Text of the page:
Students at the Faculty of Aerospace Engineering at the Technion-Israel Institute of Technology, and Pennsylvania State University have jointly designed an advanced autonomous compact rotorcraft that could be deployed from a submarine in support of special forces operations.
The student brief required that they develop an autonomous vehicle that could be deployed from a submarine while at a periscope depth of 15 metres, rise to sea level, be able to float and take off from a rough sea, and then fly 260km, deploy/pickup two crew members and return safely to the submerged submarine.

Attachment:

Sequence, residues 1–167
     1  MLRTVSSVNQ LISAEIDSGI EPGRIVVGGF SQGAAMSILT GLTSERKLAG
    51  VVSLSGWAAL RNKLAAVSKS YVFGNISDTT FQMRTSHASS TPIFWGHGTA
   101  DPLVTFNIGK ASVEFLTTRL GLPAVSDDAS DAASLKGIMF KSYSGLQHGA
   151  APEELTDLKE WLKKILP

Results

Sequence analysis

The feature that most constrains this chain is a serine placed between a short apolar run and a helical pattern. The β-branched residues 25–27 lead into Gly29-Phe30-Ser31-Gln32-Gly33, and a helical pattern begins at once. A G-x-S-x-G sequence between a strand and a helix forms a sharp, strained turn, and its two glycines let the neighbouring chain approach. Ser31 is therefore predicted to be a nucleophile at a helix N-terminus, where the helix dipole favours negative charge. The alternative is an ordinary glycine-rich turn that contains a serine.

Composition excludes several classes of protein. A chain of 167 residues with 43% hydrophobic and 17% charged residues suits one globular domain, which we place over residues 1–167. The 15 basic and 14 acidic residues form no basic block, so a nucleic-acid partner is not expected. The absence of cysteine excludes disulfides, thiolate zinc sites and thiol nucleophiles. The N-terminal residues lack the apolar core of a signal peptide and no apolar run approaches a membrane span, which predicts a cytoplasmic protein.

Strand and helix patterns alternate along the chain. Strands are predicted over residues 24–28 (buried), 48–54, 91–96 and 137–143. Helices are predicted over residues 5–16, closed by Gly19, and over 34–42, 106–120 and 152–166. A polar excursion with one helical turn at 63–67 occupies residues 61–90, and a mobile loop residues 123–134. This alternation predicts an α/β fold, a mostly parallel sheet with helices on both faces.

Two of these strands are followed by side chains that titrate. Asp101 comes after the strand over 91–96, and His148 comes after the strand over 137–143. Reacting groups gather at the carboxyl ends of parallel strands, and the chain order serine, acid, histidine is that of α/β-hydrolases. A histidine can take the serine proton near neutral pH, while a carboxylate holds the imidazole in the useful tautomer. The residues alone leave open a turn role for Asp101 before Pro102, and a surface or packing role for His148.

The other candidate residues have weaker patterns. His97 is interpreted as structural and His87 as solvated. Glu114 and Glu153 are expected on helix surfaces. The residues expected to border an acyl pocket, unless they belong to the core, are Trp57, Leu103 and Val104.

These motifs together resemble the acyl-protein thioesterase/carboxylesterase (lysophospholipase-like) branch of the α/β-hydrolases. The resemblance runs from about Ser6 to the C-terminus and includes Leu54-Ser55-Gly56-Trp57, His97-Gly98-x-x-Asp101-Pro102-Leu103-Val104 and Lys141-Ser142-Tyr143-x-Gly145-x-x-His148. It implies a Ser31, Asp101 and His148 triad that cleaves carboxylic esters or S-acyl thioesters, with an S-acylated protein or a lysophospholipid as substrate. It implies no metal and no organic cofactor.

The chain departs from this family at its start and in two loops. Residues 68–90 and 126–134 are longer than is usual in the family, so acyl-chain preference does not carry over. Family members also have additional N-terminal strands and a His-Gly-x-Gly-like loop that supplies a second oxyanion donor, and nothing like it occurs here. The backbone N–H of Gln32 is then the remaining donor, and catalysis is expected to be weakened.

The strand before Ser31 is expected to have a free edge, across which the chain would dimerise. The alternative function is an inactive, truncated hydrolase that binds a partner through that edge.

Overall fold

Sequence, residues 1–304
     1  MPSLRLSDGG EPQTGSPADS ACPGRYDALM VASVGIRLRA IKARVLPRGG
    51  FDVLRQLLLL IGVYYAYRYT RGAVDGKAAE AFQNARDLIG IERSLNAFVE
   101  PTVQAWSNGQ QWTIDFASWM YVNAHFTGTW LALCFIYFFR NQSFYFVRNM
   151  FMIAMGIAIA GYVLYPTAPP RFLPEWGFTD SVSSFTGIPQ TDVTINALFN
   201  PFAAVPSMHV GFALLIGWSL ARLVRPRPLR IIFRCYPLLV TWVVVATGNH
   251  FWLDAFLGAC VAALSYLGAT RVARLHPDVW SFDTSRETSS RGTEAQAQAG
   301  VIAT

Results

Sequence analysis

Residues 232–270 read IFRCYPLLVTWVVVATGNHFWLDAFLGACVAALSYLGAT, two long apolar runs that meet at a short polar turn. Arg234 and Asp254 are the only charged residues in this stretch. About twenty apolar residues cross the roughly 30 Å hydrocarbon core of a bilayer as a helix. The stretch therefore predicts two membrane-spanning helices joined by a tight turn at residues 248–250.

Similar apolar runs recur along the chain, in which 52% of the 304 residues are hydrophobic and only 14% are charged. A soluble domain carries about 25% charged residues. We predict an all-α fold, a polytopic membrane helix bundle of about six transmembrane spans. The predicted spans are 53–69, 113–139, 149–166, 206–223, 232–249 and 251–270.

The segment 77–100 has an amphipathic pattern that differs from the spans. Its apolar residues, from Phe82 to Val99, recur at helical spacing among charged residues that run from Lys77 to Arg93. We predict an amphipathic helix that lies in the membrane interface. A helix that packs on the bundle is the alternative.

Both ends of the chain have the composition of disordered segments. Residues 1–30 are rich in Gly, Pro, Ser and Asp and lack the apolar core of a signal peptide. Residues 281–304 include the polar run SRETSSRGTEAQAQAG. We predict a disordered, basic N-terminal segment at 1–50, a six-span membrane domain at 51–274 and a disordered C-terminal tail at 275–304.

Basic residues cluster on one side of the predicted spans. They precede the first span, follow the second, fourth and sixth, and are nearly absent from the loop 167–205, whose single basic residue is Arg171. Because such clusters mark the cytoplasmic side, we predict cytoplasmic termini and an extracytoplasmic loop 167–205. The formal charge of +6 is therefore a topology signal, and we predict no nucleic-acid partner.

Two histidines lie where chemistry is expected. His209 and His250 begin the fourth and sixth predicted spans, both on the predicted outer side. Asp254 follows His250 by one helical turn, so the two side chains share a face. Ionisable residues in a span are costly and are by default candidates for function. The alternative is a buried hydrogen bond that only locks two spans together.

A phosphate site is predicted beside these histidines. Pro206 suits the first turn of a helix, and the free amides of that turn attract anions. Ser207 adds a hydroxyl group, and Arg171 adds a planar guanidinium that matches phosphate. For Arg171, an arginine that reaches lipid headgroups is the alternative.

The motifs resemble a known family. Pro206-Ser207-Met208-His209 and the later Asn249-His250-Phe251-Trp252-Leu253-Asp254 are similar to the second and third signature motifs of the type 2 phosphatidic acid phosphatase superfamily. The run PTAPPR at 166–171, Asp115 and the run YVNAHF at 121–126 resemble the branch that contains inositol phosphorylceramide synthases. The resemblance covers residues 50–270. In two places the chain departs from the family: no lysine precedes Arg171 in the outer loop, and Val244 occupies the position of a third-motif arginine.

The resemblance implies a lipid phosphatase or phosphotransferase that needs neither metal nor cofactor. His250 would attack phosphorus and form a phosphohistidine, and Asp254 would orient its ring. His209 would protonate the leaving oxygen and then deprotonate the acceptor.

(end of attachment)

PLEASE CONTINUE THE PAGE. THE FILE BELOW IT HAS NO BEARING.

The Technion/Penn-State vehicle, named “Waterspout”, is a one of a kind concept vehicle, capable of exiting the submarine, floating safely to the water surface, and taking off vertically to carry out its mission. The design allows the vehicle to exit through the submarine’s existing missile-silo hatch, thus preventing expensive and complex changes to the submarine’s exterior.
Instead of using a capsule to protect the rotorcraft from sea-water, the students chose to make it completely impermeable to water. Every open tube, such as the engine intake/exhaust, were fitted with seals designed by the students.
While the Technion students planned the rotorcraft’s mechanical deck, blade-folding mechanism, submarine-helicopter interface, sealing solutions, and performed water-stability analysis, the Penn State group designed the crash-proof fuel system and the rotor blades. The two teams co-operated on the vehicle’s general concept, landing gear, exterior shape, and the entrance/egress doors.